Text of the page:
Jan 27 Sections


Introductions: Berkeley Connect is here to support you. In our opening small group meeting we will get to know each other, the mentors, and Berkeley Connect. We will play some name games, review the syllabus, and discuss our community agreements.


Feb 3 Sections


Skill development I: Goal setting: Knowing how to set goals is a key skill in any field. Learn why we set goals, what makes a good goal, and how to achieve your goals. We will introduce a “boulders-rocks-sand” framework, practice crafting “SMART” goals, and play a “reaching your goals” game.


Feb 10 Office hours


Individual meetings: *Required meeting with your fellow to discuss goals for the semester.


Feb 17 Sections


Current Environmental topic I: Environmental perspectives: Environmental topics often inspire strong feelings and opinions. In this session we will explore different perspectives on environmental issues. There will be opportunities to explore your unique perspective, learn new things, and perhaps change your mind! We will do an interactive activity called “stand your ground or move around”.


Feb 24 Office hours


Individual check in: Drop in meetings with your fellow
Mar 2 Sections


Skill development II: Connecting with professors: Cal has amazing faculty but it can often feel difficult to connect with them outside of formal class time. This session will focus on getting to know one faculty member through conversation and Q&A. Learn how to take advantage of office hours, how to get a great letter of recommendation, and how to find research positions at Cal!


Mar 9 Office hours


Individual check in
Mar 16 Sections


Current Environmental topic II: Conservation and conflict: Conservation issues are often extremely thorny with many different trade-offs. We will explore challenges in allocating conservation resources for biodiversity conservation in our rapidly changing world.


Mar 23 Spring Break


No meetings


Mar 30 Sections


Skill development III: Getting the job: Looking for jobs and internships in the environmental field can be both exciting and daunting. We will focus this session on how to find jobs and internships on and off campus. We play a BINGO game about environmental resources on campus. We will also do some peer review of resumes and cover letters and mock interviews for environmental jobs off campus.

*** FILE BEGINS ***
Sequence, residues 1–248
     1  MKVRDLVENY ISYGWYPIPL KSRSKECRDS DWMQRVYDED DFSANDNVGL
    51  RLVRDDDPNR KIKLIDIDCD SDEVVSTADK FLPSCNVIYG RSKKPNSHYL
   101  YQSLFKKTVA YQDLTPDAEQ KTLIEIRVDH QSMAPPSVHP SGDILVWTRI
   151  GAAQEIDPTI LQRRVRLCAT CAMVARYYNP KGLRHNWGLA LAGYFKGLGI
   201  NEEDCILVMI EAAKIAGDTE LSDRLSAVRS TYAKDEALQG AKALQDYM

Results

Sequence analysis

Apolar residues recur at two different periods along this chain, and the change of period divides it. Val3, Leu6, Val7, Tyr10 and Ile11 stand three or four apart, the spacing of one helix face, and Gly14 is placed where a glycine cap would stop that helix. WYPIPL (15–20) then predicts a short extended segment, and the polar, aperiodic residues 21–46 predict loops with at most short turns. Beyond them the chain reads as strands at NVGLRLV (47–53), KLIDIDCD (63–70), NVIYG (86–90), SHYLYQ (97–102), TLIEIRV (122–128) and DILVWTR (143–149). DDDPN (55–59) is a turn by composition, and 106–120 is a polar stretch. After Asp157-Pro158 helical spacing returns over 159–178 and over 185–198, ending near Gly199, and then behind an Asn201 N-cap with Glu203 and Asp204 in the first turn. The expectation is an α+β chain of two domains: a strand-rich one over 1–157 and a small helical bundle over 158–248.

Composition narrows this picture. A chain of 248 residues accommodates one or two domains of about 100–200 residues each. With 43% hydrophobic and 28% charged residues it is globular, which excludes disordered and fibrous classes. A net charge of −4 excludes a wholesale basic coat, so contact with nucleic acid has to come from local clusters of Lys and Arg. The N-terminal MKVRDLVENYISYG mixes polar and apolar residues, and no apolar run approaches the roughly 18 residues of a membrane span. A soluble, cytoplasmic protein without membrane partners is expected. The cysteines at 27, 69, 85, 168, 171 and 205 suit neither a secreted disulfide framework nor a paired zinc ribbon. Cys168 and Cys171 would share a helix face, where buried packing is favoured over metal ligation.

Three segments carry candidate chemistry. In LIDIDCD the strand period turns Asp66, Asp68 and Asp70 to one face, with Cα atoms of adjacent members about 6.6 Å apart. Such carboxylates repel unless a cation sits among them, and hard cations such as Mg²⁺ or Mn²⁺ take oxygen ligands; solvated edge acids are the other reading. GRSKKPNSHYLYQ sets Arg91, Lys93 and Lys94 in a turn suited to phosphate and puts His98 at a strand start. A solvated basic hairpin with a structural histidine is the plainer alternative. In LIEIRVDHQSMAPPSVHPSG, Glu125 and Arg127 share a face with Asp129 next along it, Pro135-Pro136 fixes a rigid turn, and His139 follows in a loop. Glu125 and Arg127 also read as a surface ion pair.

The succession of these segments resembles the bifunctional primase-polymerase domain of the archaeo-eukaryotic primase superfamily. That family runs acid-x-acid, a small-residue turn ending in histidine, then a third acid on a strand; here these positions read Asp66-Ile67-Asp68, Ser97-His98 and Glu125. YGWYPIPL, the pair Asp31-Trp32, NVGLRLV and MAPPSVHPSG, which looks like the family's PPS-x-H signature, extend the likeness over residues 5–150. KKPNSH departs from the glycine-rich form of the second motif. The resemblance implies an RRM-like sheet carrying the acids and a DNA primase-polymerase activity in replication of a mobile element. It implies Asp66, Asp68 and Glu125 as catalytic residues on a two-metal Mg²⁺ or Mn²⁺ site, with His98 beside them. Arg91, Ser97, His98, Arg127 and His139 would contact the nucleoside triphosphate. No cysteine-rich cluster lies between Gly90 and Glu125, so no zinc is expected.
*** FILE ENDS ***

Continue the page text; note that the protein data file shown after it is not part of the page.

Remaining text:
Apr 6 Office hours


Individual check in: *Required meetings with your fellow to discuss goals and next steps


Apr 13 Sections


Current Environmental topic III: What is nature? Are humans a part of nature or apart from nature? We will explore this topic from various lenses (philosophical, ecological, evolutionary, etc) and discuss why this question matters so much in this day and age.


Apr 20 Office hours


Individual check in: Drop in meetings with your fellow


Apr 27 Sections


Closing: Semester wrap-up! We will review how we have learned and grown together over the semester and write a “message in a bottle” to a future Berkeley Connect student.


May 4 Full group Optional study break activities




To find sections for the upcoming semester, search the Schedule of Classes for ESPM 98BC (for first-year and sophomores) or 198BC (for juniors and seniors).

To help you meet other students who share your experiences and perspectives, Berkeley Connect sections are designated as lower division (first-year students and sophomores), new junior transfers, and upper division (juniors and seniors), but you can enroll in any section that fits your schedule and credit requirements.

How to Sign Up

To participate in Berkeley Connect in ESPM, you enroll in a designated section of ESPM 98BC or 198BC (one unit, taken on a Pass/Not Pass basis). Many students chose to enroll for more than one semester. Participation is NOT restricted to declared majors.To sign up, enroll in a Berkeley Connect section when course registration opens.  Please see the Berkeley Connect Sections listed above under “Schedule.”

**Read the schedule notes carefully—different Sections are designated as primarily for lower-division (freshmen and sophomores), upper-division (juniors and seniors), or junior transfer students.

If you are interested in participating in Berkeley Connect, but course registration is not currently open, you can join the Berkeley Connect Mailing List, and you will be sent more details when the next semester’s information becomes available.

Contact Us

Please see our FAQs.  If you have additional questions about Berkeley Connect in ESPM, please contact:Prof. Justin Brashares, 13 Mulford Hall, phone: (510) 643-6080, email: Brashares@berkeley.edu

You can also contact the central Berkeley Connect office  at berkeleyconnect@berkeley.edu or (510) 664-4182.

Links & Resources